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fig3: Exposure of the HUIV26 cryptic epitope is associated with the expression and activation of MMP-2 in vivo. bFGF-treated CAMs or CAMs containing CS1 melanoma tumors were costained with either Mab HUIV26 and polyclonal anti–MMP-2 (top), or Mab HUIV26 and polyclonal antifactor VIII–related antigen (bottom). (A) Tissues were visualized by incubation with rhodamine- and FITC-conjugated secondary antibodies. Top, red indicates MMP-2 and green indicates HUIV26 cryptic epitope. Bottom, red indicates factor VIII staining of blood vessels, green indicates HUIV26 cryptic epitope, and yellow indicates colocalization. Photographs were taken at 200× magnification. (B) CAMs of 10-d-old embryos were stimulated with bFGF and total CAM lysates were prepared at 2, 24, 48, and 72 h. Top, gelatin zymogram of total CAM lysates after stimulation with bFGF. Bottom, dot blot of total CAM lysates. Total collagen IV (triple helical and denatured) was detected with a polyclonal antibody to both native and denatured collagen IV. Denatured collagen IV was detected with Mab HUIV26. (C) Microtiter plates were coated with triple helical collagen type IV (25 μg/ml). MMP-2 (500 ng/ml), tPA (6 U/ml, specific activity 700 μg/mg protein), or NT (control buffer) were incubated for 18 h. The wells were washed, blocked with BSA, and the HUIV26 cryptic sites were detected with Mab HUIV26 (1.0 μg/ml). Data bars represent the mean OD ± standard deviations from triplicate wells. Bars, 50.0 μm.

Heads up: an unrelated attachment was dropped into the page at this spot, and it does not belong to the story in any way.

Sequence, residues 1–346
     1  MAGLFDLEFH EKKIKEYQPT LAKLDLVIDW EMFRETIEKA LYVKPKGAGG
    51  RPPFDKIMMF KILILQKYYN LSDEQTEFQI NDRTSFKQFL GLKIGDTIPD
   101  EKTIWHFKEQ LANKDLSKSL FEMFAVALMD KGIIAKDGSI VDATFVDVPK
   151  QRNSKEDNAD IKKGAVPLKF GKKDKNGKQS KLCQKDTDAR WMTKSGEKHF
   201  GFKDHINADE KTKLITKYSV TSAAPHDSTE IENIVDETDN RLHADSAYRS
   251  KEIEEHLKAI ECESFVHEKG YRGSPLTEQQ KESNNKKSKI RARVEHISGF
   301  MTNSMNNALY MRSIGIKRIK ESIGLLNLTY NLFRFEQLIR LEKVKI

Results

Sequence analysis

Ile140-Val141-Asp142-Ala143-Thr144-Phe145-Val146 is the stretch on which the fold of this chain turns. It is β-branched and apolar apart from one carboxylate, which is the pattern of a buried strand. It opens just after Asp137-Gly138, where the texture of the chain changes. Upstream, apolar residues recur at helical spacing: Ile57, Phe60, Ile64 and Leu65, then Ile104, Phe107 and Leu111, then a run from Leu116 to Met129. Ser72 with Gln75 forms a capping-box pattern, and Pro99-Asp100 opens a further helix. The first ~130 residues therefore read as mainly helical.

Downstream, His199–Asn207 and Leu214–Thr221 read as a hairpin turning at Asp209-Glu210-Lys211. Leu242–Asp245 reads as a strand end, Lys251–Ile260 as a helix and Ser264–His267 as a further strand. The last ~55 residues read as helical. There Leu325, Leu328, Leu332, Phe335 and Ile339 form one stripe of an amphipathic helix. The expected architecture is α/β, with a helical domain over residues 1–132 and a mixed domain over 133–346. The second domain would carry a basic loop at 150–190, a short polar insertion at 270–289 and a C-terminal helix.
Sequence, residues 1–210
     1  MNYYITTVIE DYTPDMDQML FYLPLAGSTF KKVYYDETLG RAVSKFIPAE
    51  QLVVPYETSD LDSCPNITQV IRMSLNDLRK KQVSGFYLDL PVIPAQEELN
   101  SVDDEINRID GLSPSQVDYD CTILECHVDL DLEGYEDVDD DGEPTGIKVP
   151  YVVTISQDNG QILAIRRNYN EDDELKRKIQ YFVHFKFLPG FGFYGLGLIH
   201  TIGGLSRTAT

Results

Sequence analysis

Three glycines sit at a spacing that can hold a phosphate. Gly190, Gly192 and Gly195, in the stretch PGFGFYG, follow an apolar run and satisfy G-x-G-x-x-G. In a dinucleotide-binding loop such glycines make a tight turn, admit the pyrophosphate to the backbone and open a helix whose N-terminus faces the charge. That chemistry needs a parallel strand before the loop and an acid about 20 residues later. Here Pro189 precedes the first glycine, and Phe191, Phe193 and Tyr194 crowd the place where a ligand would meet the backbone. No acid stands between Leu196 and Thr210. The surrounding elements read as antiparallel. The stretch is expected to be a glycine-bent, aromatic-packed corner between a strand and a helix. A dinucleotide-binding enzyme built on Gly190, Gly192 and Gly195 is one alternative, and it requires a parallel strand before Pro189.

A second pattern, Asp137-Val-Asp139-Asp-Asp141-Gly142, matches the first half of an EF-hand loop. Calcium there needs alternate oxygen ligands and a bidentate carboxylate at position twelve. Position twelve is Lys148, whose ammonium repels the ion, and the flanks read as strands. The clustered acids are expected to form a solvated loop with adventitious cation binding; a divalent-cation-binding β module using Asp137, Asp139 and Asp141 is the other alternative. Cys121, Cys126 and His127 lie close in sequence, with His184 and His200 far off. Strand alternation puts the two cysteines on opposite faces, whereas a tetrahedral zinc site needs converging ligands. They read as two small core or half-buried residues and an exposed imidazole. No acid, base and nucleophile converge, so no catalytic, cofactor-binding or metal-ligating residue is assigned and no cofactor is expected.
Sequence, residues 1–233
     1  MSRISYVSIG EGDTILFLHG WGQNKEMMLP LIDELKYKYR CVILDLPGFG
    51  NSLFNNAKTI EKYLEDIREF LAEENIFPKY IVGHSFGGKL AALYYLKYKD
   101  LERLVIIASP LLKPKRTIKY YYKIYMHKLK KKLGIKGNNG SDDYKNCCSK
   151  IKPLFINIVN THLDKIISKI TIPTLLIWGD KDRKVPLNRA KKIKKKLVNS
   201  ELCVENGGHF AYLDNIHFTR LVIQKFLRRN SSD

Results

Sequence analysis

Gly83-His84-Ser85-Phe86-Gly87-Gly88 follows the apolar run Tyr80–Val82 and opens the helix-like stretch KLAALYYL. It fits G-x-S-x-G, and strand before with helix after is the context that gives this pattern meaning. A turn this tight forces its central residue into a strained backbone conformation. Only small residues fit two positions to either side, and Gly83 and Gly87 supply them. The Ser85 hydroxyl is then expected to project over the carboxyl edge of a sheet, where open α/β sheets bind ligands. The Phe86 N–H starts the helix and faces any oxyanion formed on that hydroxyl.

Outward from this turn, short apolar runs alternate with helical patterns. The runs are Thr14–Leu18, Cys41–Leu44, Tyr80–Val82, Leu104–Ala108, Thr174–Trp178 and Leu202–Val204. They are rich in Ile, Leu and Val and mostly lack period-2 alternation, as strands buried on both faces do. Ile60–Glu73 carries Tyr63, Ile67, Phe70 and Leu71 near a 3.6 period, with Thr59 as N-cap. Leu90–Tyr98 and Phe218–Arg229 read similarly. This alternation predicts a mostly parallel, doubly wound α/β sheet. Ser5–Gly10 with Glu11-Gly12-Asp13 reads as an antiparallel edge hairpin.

Mentions: Our previous studies indicated that incubation of normal human tissue with proteolytically active MMP-2, but not inactive pro-MMP-2, can expose the HUIV26 cryptic site in situ. Therefore, we examined whether the expression of MMP-2 was associated with the exposure of the HUIV26 epitope during angiogenesis in vivo. To facilitate these studies, angiogenesis was induced within the chick chorioallantoic membrane (CAM) by either purified bFGF or a single cell suspension of CS1 melanoma cells. CAM tissues were costained with either Mab HUIV26 or a polyclonal antibody to MMP-2, or a polyclonal antibody directed to factor VIII–related antigen. As shown in Fig. 3 A, top, MMP-2 (red) colocalized (yellow) with the cryptic HUIV26 epitope (green) in blood vessels from either cytokine- or tumor-induced angiogenesis. To confirm the exposure of the HUIV26 cryptic epitope within the basement membrane of blood vessels, similar CAM tissues were costained with polyclonal antibody directed to factor VIII–related antigen and Mab HUIV26. As shown in Fig. 3 A, bottom, the HUIV26 cryptic epitope was associated with both bFGF-induced and tumor-induced angiogenic blood vessels. To determine whether the proteolytically active form of MMP-2 correlated with exposure of the HUIV26 cryptic epitope, tissue lysates were prepared from these CAMs after bFGF stimulation and analyzed by both gelatin zymography and dot blot analysis. As shown in Fig. 3 B, top, bFGF treatment was associated with a time-dependent conversion of the latent 72-kD MMP-2 to its proteolytically active 62-kD species between 24 and 48 h after stimulation. These findings were consistent with our previously published results (Brooks et al., 1996). The gelatinolytic bands were confirmed to be pro (72 kD) and active (62 kD) MMP-2 by Western blot analysis (data not shown). Interestingly, dot blot analysis of these same lysates demonstrated the generation of the HUIV26 epitope between 24 and 48 h which correlated directly with the bFGF-associated activation of MMP-2. To confirm that activated MMP-2 can contribute to the exposure of the HUIV26 epitope, in vitro ELISA assays were conducted. Triple helical collagen type IV was coated on microtiter wells as described above. The wells were next incubated with either activated MMP-2, the serine protease tPA, or control buffer for 18 h. The wells were washed and the HUIV26 cryptic epitope was detected with Mab HUIV26. As shown in Fig. 3 C, incubation of triple helical collagen type IV with activated MMP-2 caused an approximately threefold increase in the exposure of the HUIV26 epitope as compared with either no treatment (control buffer), or the serine protease tPA. These findings provide further evidence that MMPs such as MMP-2 may contribute to the exposure of the HUIV26 epitope. However, these results do not rule out the likely contributions of other MMPs or serine proteases in the exposure of the HUIV26 cryptic site in vivo. Since MMP-9, the second major MMP capable of cleaving triple helical collagen IV, was not detected in the CAM lysates, it is likely, but not direct proof, that MMP-2 is at least one protease that may contribute to the generation of the HUIV26 epitope in the chick embryo model.